Grant Abstract: Vitamin D and Immunomodulation in Coronary Artery Disease

Grant Number: 5R01HL116042-04
PI Name: Agrawal
Project Title: Vitamin D and Immunomodulation in Coronary Artery Disease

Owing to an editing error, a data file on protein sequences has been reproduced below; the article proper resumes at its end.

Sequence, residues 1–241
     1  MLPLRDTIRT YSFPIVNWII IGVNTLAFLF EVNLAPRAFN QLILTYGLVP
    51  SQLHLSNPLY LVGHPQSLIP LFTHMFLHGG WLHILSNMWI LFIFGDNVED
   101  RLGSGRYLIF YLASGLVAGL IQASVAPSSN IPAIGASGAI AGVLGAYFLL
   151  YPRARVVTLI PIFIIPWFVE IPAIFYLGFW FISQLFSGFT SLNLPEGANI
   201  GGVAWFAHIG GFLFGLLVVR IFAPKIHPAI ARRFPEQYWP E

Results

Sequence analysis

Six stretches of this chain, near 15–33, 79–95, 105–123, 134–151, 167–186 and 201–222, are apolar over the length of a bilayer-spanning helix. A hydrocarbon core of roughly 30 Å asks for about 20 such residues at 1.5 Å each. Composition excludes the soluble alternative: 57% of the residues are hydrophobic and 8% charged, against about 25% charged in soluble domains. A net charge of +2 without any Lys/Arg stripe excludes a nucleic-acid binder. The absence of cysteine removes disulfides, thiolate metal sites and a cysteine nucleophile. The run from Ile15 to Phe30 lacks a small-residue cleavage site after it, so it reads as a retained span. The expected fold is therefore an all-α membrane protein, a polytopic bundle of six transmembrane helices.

Abstract: Increased prevalence of coronary artery disease is very high and almost 50% of elderly population of the world is vitamin D-deficient. Low levels of vitamin D have increased risks of heart disease, stroke, hypertension, and diabetes. The incidence of angiographic restenoses following balloon angioplasty/stent implantation correlates well with the incidence of vitamin D deficiency/insufficiency. There is no data to predict which patient will develop intimal hyperplasia and in-stent restenosis following coronary intervention. The purpose of this study is to evaluate the effect of vitamin D status on the outcome measures of coronary patency following intervention in a well-controlled swine model of atherosclerosis and to determine the underlying cellular and molecular mechanisms. The central hypothesis is that intimal hyperplasia after coronary intervention depends on vitamin D status and supplementation with vitamin D inhibits inflammation. We propose to utilize a hyperlipidemic and atherosclerotic microswine model fed with vitamin D-deficient, vitamin D-sufficient, and vitamin D-supplemented diet. Animals will undergo balloon angioplasty or intravascular stenting. The hypothesis in Aim 1 predicts that vitamin D deficiency will increase intimal hyperplasia and restenosis following coronary artery intervention by increasing smooth muscle cell proliferation (SMC) and enhancing inflammation. The hypothesis in Aim 2 predicts that vitamin D supplementation will decrease intimal hyperplasia and restenosis following coronary artery intervention by decreasing SMC proliferation and inhibiting inflammation. The hypothesis of Aim 3 predicts that vitamin D decreases intimal hyperplasia and restenosis by inhibiting inflammation and decreasing smooth muscle cell proliferation by decreasing translocation of NF-kB to the nucleus via inhibition of transcription and translation of importin-¿3. Hypercholesterolemic and atherosclerotic microswine with vitamin D deficiency, sufficiency and supplementation will be followed over a period of six months following coronary intervention with left ventriculogram and optical coherence tomography to assess cardiac function and quantify in-segment minimal luminal diameter, diameter stenosis, late loss and intimal hyperplasia. Also, serum levels of 25-hydroxyvitamin D, inflammatory mediators and cytokines, lipid profile and other biochemical and clinical variables. Histological and immunohistochemical evaluation of coronary arteries for intimal thickness, intimal hyperplasia, lumen area, intima-media ratio, plaque development and plaque ulceration, and re-occlusion, and infiltration of inflammatory cells will be performed. Also the mRNA and protein expression of VDR, CYP24A1, CYP27B1, NF-kB, importin-¿3, and prohibitin in isolated smooth muscle cells will be examined. These studies will provide the conceptual support of our hypothesis and position us to assess the effectiveness of vitamin D supplementation in the prevention of clinical complications following coronary interventions in patients with coronary artery disease.

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